As noted above, Plaintiff's complaint lacks basic facts, including what happened and who was involved. More importantly, Plaintiff's complaint does not sufficiently and succinctly state the basis for his claim. Plaintiff will be given leave to cure these deficiencies.
B. Linkage Requirement
The Civil Rights Act under which this action was filed provides:
Every person who, under color of [state law] ... subjects, or causes to be subjected, any citizen of the United States ... to the deprivation of any rights, privileges, or immunities secured by the Constitution ... shall be liable to the party injured in an action at law, suit in equity, or other proper proceeding for redress.42 U.S.C. § 1983. The statute plainly requires that there be an actual connection or link between the actions of the defendants and the deprivation alleged to have been suffered by Plaintiff. See Monell v. Dep't of Soc. Servs., 436 U.S. 658, 98 S.Ct. 2018, 56 L.Ed.2d 611 (1978); Rizzo v. Goode, 423 U.S. 362, 96 S.Ct. 598, 46 L.Ed.2d 561 (1976). The Ninth Circuit has held that "[a] person 'subjects' another to the deprivation of a constitutional right, within the meaning of section 1983, if he does an affirmative act, participates in another's affirmative acts, or omits to perform an act which he is legally required to do that causes the deprivation of which complaint is made." Johnson v. Duffy, 588 F.2d 740, 743 (9th Cir. 1978).
Here, Plaintiff fails to link any individual defendant to a constitutional violation. While he identifies certain individuals as committee members, he does not clearly identify the constitutional violation. Critically, Plaintiff does not identify what any individual defendant did or did not do that resulted in a violation of his rights. Plaintiff will be given leave to cure these deficiencies.
C. Application of Time Credits
Although the precise nature of the claim and Defendants' involvement are not clear, Plaintiff may not challenge the length of his sentence in a section 1983 action. Wilkinson v. Dotson, 544 U.S. 74, 78, 125 S.Ct. 1242 (2005). Plaintiff's sole remedy for the failure to properly credit time credits to his sentence lies in habeas corpus. Wilkinson, 544 U.S. at 78. Accordingly, this claim is not cognizable.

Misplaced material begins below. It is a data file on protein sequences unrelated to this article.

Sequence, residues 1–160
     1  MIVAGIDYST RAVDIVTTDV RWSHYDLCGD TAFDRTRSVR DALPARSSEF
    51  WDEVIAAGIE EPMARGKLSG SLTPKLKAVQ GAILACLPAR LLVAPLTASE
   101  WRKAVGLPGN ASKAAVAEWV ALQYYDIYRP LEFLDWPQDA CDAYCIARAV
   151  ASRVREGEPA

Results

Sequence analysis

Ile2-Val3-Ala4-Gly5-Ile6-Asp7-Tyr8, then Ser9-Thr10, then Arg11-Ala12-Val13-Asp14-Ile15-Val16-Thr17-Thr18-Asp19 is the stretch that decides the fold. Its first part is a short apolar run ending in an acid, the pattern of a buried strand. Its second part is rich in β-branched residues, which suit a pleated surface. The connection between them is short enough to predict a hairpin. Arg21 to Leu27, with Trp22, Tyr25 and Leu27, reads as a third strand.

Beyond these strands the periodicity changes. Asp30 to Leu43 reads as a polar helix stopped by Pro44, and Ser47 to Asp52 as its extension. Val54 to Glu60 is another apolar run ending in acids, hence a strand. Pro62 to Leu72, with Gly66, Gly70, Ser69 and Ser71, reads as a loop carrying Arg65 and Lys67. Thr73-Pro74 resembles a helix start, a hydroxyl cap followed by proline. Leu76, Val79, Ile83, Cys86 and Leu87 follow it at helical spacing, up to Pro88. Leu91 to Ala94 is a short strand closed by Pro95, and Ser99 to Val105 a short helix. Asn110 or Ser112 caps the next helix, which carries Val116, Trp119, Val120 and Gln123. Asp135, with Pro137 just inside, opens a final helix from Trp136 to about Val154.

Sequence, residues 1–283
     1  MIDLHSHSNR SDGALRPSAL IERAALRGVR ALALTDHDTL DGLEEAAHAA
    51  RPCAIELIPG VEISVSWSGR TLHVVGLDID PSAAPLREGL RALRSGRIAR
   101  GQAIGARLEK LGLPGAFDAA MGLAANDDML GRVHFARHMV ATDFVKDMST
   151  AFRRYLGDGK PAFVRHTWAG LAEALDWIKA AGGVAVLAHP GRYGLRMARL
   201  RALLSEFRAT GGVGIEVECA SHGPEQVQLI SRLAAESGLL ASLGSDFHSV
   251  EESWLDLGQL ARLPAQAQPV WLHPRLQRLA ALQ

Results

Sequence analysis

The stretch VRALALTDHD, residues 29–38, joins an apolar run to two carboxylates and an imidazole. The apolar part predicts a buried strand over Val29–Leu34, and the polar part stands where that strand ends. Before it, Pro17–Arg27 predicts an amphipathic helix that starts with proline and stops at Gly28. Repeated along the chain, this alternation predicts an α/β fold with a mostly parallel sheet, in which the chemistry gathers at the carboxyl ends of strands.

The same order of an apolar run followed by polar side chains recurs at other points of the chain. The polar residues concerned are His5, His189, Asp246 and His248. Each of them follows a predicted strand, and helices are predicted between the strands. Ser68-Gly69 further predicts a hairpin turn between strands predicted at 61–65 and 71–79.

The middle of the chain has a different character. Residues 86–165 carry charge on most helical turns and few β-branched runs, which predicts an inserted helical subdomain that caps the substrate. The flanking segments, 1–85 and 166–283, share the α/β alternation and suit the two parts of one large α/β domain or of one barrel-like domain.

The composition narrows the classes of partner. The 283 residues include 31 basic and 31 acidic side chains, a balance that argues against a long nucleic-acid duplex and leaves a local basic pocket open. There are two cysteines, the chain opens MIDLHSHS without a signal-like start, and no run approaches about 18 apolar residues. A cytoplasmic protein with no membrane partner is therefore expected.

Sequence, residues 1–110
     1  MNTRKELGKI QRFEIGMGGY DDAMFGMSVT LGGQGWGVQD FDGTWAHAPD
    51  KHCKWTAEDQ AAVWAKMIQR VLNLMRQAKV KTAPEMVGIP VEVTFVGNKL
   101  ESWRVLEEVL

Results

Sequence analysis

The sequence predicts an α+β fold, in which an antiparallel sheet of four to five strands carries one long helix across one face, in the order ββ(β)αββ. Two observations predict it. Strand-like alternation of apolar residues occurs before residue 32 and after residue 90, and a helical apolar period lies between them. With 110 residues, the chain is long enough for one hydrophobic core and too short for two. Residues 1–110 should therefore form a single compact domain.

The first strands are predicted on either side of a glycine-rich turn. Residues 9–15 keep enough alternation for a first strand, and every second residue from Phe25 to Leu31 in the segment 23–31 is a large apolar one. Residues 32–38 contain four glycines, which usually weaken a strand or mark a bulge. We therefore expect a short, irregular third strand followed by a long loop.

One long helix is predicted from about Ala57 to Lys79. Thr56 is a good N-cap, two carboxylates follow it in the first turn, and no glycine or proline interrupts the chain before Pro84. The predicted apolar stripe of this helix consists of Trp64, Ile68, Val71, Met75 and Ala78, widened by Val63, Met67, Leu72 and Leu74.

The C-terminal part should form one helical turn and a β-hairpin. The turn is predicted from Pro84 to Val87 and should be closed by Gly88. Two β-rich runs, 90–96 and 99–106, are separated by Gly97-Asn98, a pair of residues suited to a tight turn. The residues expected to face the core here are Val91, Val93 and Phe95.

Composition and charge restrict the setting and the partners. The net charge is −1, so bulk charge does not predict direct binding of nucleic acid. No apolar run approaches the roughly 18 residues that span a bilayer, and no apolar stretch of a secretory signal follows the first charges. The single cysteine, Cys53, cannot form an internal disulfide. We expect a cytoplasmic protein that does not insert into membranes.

IV. Conclusion and Order
Plaintiff's complaint fails to comply with Federal Rule of Civil Procedure 8 and fails to state a cognizable section 1983 claim. As Plaintiff is proceeding pro se, the Court will grant Plaintiff an opportunity to cure the identified deficiencies to the extent he is able to do so in good faith. Lopez v. Smith, 203 F.3d 1122, 1130 (9th Cir. 2000).
Plaintiff's amended complaint should be brief, Fed. R. Civ. P. 8(a), but it must state what each named defendant did that led to the deprivation of Plaintiff's constitutional rights, Iqbal, 556 U.S. at 678-79, 129 S.Ct. at 1948-49. Although accepted as true, the "[f]actual allegations must be [sufficient] to raise a right to relief above the speculative level . . . ." Twombly, 550 U.S. at 555 (citations omitted).
Additionally, Plaintiff may not change the nature of this suit by adding new, unrelated claims in his first amended complaint. George v. Smith, 507 F.3d 605, 607 (7th Cir. 2007) (no "buckshot" complaints).
Finally, Plaintiff is advised that an amended complaint supersedes the original complaint. Lacey v. Maricopa County, 693 F.3d 896, 927 (9th Cir. 2012). Therefore, Plaintiff's amended complaint must be "complete in itself without reference to the prior or superseded pleading." Local Rule 220.
Based on the foregoing, it is HEREBY ORDERED that:
1. The Clerk's Office shall send Plaintiff a complaint form;
2. Plaintiff's complaint is dismissed with leave to amend;
3. Within thirty (30) days from the date of service of this order, Plaintiff shall file a first amended complaint; and
4. If Plaintiff fails to file a first amended complaint in compliance with this order, this action will be dismissed for failure to obey a court order and failure to state a claim. IT IS SO ORDERED.
Dated: July 20 , 2015
/s/ Barbara A . McAuliffe
UNITED STATES MAGISTRATE JUDGE